Or look at it this way... which do you take better care of and value more - the $20 pair of sunglasses you got at the grocery store or the $300 pair of Oakleys sunglasses?

Then ask yourself where you want to be positioned in the market.

Gaining a quality stable of good, return, clients may take some time. However, I have yet to ever see a bad client turn into a good client. Things just do not happen that way.

Anyone bargain shopping and hiring you for $10/hr is going to be a one-off, get it and be done, client. If they happen to return to you it will be out of necessity (or cheapness) on their part, not due to any loyalty towards you. And the moment you raise your rates, they will start looking for someone else at $10/hr rather than pay a higher rate.

You can never start cheap with a client and expect them to be a long-standing, quality, client. They will customarily balk at each and every rate increase and as soon as they find someone cheaper, they'll drop you like a hot potato.

Again, I don't know your region or current rate trends for your specific skill set. But it seems to me, pricing yourself low is never a valid business decision unless you know you just want any work you can get, no matter how bad that work or client may be.

In addition, there's some general thought to the industry you are in. If everyone in your specific field is charging $30-$80/hr and you price yourself at $10/hr, you kind of do a disservice to everyone in the industry by conveying to the word that the work isn't worth much money. Granted this is a minor, secondary, thought. But if you ever want to be making really good money, you should keep the industry as a whole in mind and seek to elevate it, not lower it.

Also be aware.. I don't use online services like "upwork" because that's where a lot of bad clients find workers. There are better ways to find quality clients. How can experienced contractor survive outside Elance/oDesk/Freelancer?

Edit for additional note: I do not know where you are located... but here, the U.S. state minimum wage is currently just above $9/hr -- so at $10/hr your basically saying you essentially have no more skill or experience than any random person off the street. Be aware of the message you send with your pricing.

  • Amen and yahoo. – Xavier J Dec 10 '15 at 15:09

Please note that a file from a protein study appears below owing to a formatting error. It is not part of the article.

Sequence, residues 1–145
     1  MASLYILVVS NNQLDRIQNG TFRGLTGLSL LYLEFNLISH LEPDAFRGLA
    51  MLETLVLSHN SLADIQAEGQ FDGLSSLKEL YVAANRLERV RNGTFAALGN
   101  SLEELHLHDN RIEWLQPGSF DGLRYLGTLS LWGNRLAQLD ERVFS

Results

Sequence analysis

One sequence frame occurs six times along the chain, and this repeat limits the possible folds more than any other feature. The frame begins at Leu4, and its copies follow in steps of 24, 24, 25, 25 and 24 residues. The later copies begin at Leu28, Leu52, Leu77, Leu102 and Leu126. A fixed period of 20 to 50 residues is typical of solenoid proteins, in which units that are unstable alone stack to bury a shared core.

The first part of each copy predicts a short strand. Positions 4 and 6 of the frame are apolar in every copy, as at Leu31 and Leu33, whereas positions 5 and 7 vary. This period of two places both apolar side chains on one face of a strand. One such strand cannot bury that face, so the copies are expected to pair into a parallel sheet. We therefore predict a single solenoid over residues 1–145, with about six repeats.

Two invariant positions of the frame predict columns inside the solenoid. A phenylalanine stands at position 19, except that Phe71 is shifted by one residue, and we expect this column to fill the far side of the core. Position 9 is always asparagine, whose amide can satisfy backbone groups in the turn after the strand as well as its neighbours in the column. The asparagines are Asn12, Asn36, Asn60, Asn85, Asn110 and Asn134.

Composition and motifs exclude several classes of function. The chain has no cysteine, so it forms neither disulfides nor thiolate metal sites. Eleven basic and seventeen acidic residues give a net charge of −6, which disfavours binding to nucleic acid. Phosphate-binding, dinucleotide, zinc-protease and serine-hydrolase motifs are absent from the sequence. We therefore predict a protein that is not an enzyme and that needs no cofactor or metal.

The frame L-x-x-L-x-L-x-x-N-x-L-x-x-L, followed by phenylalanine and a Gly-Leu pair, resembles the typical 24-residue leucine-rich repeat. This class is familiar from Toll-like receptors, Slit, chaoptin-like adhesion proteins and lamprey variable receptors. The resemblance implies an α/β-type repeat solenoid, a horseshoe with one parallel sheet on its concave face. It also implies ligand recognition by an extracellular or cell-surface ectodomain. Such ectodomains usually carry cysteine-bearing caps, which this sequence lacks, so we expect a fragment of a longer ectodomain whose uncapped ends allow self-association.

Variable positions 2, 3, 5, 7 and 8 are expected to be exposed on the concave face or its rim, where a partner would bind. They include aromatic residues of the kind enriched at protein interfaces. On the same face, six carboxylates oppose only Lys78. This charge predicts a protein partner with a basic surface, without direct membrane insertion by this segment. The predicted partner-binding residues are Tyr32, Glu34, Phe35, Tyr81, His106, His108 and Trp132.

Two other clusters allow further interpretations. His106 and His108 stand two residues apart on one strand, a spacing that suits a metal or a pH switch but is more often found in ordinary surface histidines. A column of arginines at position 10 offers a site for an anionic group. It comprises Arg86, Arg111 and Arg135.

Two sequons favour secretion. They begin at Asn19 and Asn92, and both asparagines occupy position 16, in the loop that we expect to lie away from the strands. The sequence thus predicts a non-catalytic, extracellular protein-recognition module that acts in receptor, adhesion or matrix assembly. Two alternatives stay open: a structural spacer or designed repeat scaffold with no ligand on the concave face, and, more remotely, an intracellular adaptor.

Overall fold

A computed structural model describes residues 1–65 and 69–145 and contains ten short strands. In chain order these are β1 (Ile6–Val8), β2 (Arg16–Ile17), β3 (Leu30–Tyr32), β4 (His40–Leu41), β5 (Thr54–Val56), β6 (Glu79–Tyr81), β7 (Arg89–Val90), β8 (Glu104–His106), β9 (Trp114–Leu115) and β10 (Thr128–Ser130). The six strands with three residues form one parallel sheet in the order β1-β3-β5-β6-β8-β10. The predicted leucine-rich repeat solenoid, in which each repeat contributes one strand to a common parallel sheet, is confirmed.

• yup. I'd also add that a client you meet in person or are referred to by somebody you know have a greater chance of being a good client...and longer lasting. there is a lot of value in a client being able to talk with and sometimes meet their contractor. charge what you're worth! (especially if you're ok for money while you're in school) – user1269942 Dec 29 '15 at 4:38
1

When there is starting , I would prefer your way A. Start work at basic rate and increase when you confident and have good relation.

How to build up long-term clients

  1. Be honest always with client
  2. Suggest them technical things which save their money and time
  3. Provide work delivery on time, Do not miss deadlines
  4. Never do over bill when you are working on hour base project
  5. Always work with reasonable price
  6. Ask them always about your work. For ex : how you are doing , Any improvement needed?

Hope this will help you.

  • It's great to include general tips, but why specifically would you prefer option A? How is that the correct option? Can you edit to include the extra info? Thanks – Canadian Luke Dec 8 '15 at 18:33
1

There is no reason to involve the customers in your own history. Ask them a rate corresponding to the value of your work today. Not more, not less.

You will attract and retain customers by understanding their needs, delivering the desired quality and being flexible.

  • 1
    good points. be sure to read Harry Cover's first sentence! – user1269942 Dec 29 '15 at 4:41

Your Answer

By clicking “Post Your Answer”, you agree to our terms of service, privacy policy and cookie policy

Not the answer you're looking for? Browse other questions tagged or ask your own question.